Wait what?! 10-15 hours a day!? That's disgusting! he needs a life. Typical gamer prick, he's lucky he even has someone like you and he's jsut too much of an asshole to appreciate anything other than whats on a tv screen.
  11. gloomy

    gloomy Account Closed

    I really don't think it's genetic…. it's a social thing for sure.

    When my parents were growing up, people were getting married much younger than they do today, and a lot of that had to do with the fact that they knew that they were going to have a career waiting for them at the end of high school/college, and that they would be able to raise families and have responsibilities and settle down. It was easier for men and women to settle down together because everyone had a role in the family dynamic-- men were the providers, women were the nurturers, and they needed each other in order to function in society. Divorces were shameful and harder to get, and people just generally believed that what they were doing was worth doing.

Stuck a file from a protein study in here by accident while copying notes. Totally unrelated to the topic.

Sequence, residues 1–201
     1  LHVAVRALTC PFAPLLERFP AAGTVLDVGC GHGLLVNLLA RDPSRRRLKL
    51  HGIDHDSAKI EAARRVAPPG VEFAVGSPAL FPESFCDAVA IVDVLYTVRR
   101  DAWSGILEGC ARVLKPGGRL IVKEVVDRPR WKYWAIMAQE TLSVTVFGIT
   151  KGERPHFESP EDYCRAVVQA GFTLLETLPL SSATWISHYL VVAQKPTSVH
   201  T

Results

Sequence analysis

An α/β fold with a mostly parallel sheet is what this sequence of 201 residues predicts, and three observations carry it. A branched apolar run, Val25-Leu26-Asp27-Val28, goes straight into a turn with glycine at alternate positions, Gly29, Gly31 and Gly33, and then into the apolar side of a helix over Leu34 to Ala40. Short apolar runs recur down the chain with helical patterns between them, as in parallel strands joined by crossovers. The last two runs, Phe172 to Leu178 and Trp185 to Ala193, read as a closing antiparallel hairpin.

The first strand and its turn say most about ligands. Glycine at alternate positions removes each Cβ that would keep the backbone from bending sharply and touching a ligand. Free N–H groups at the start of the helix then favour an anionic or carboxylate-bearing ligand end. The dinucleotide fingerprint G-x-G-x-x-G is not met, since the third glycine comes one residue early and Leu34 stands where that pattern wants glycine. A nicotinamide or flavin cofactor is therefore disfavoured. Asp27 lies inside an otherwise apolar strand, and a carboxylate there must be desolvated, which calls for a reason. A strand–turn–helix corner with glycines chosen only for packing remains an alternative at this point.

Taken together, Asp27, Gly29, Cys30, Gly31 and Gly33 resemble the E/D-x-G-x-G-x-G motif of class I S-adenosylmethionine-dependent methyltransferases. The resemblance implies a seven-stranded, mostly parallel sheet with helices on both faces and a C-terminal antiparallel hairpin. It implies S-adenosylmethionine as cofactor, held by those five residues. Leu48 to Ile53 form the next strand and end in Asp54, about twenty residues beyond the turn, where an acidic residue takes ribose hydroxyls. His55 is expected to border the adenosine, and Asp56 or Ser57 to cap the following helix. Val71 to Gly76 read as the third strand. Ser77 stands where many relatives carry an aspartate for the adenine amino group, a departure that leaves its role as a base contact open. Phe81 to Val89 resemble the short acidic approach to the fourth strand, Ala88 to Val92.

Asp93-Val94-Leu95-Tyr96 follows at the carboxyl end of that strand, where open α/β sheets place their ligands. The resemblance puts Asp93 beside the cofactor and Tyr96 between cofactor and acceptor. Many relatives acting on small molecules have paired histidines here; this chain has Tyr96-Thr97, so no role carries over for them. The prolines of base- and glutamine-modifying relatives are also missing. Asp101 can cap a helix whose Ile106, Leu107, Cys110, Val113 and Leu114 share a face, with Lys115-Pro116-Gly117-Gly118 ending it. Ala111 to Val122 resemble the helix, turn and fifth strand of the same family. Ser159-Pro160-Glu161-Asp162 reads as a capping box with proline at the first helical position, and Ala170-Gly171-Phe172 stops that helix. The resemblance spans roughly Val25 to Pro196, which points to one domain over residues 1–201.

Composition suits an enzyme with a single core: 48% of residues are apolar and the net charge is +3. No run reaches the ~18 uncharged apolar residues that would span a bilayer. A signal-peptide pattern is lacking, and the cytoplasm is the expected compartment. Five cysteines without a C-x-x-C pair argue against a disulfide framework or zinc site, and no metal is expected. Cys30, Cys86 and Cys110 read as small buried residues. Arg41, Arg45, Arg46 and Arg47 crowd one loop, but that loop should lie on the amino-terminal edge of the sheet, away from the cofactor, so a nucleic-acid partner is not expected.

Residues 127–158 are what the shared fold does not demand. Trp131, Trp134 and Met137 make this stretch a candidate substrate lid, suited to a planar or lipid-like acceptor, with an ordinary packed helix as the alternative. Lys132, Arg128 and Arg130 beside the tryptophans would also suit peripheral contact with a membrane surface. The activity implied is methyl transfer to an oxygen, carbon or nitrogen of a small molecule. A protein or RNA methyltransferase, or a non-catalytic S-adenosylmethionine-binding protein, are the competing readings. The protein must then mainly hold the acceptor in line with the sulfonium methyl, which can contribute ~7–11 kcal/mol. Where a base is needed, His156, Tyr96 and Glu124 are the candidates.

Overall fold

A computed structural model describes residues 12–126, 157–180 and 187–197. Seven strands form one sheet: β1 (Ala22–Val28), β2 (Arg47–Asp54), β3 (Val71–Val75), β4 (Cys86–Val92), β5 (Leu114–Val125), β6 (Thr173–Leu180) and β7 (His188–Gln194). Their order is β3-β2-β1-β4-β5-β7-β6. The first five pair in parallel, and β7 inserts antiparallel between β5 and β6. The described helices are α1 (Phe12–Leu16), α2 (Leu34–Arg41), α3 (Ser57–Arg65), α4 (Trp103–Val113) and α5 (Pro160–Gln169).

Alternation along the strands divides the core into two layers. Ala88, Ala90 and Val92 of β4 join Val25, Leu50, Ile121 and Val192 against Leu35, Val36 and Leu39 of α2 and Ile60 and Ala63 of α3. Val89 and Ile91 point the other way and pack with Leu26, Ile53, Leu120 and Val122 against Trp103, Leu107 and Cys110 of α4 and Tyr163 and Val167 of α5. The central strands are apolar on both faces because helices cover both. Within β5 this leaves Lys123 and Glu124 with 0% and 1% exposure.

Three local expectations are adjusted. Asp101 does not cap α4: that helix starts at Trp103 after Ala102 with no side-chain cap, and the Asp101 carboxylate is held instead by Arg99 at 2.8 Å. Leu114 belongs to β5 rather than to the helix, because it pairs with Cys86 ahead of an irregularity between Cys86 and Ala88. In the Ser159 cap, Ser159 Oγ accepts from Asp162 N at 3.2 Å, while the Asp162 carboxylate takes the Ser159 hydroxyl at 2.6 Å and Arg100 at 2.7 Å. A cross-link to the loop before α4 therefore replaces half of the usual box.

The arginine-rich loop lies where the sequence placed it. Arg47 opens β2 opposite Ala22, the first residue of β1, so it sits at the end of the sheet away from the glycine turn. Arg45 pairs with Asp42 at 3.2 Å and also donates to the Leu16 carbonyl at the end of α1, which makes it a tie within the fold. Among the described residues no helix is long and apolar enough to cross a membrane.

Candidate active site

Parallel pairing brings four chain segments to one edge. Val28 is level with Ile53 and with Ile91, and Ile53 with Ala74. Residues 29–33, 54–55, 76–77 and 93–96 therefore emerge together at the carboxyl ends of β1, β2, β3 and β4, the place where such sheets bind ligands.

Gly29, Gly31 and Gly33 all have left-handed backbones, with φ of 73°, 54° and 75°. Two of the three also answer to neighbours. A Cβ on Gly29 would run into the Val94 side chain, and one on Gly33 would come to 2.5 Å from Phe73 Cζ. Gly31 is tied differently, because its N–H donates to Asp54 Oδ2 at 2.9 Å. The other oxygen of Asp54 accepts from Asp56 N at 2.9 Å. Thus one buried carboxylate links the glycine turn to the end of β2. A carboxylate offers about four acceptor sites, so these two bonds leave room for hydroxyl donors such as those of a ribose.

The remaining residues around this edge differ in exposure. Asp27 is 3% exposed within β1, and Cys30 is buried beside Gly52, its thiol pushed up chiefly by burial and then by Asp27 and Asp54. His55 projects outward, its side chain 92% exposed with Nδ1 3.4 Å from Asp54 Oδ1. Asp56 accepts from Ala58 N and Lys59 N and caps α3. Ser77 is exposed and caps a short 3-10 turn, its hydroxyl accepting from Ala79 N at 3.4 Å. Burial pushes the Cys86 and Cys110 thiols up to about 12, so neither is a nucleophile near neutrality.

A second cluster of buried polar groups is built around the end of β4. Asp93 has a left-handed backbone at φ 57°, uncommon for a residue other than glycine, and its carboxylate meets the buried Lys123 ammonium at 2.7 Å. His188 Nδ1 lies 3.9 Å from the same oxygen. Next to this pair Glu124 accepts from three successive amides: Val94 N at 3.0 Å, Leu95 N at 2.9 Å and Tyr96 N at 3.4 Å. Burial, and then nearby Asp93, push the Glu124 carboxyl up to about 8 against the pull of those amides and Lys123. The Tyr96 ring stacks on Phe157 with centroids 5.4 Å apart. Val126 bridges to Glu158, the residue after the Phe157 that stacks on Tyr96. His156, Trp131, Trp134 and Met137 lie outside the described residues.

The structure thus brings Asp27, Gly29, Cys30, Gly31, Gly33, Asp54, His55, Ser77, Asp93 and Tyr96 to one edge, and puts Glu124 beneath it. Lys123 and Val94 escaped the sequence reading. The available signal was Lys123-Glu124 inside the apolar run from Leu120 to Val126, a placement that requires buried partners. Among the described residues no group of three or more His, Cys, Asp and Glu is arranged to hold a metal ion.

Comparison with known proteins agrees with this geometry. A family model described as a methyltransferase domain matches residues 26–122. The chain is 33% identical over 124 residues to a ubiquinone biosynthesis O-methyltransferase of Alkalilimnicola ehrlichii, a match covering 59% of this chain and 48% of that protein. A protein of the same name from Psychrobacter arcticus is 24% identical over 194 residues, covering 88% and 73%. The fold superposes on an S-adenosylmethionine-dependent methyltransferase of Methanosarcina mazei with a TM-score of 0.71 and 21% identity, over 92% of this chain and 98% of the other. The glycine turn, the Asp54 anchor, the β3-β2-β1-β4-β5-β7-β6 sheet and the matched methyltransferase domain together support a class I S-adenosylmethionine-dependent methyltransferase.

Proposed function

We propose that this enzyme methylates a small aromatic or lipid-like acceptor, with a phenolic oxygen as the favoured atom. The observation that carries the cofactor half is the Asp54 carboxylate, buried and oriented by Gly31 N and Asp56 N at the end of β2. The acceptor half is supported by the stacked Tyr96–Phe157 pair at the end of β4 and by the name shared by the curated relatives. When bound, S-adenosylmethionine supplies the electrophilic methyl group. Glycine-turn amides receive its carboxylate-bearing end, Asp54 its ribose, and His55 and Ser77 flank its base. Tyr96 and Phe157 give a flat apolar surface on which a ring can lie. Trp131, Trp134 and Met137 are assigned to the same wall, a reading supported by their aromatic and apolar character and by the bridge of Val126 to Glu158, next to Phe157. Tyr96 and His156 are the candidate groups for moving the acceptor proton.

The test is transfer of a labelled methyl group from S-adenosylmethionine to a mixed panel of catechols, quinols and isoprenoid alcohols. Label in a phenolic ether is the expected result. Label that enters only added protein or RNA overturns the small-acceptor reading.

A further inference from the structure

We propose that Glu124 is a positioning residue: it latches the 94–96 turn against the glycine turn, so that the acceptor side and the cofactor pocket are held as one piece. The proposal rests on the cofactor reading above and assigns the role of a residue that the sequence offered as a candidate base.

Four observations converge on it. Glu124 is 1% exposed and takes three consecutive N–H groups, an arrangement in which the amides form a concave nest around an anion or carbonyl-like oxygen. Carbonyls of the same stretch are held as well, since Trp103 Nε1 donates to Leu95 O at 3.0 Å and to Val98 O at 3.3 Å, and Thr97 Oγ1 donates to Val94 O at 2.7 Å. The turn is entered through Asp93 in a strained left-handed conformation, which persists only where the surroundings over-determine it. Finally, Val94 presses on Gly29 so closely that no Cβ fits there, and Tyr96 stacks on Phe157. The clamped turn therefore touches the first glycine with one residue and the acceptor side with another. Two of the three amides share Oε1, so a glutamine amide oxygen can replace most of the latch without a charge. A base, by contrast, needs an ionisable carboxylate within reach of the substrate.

Now contrast that to the society we're living in now-- it's full of uncertainties-- economic uncertainty, social uncertainty, cynicism, and fear of authority. We still crave companionship, but men and women no longer have definite roles in their families… divorce is easy and socially acceptable, sexuality is out in the open, and the media is putting forward the notion that human beings are generally horrible irresponsible creatures who ruin everything including each other.

    So yeah, basically men and women cheat on each other because the whole idea of raising a family is kind of bullshit, and it's easier to be selfish about everything. At 23, most of his friends aren't going to be married. They probably aren't even going to be in relationships that they take seriously.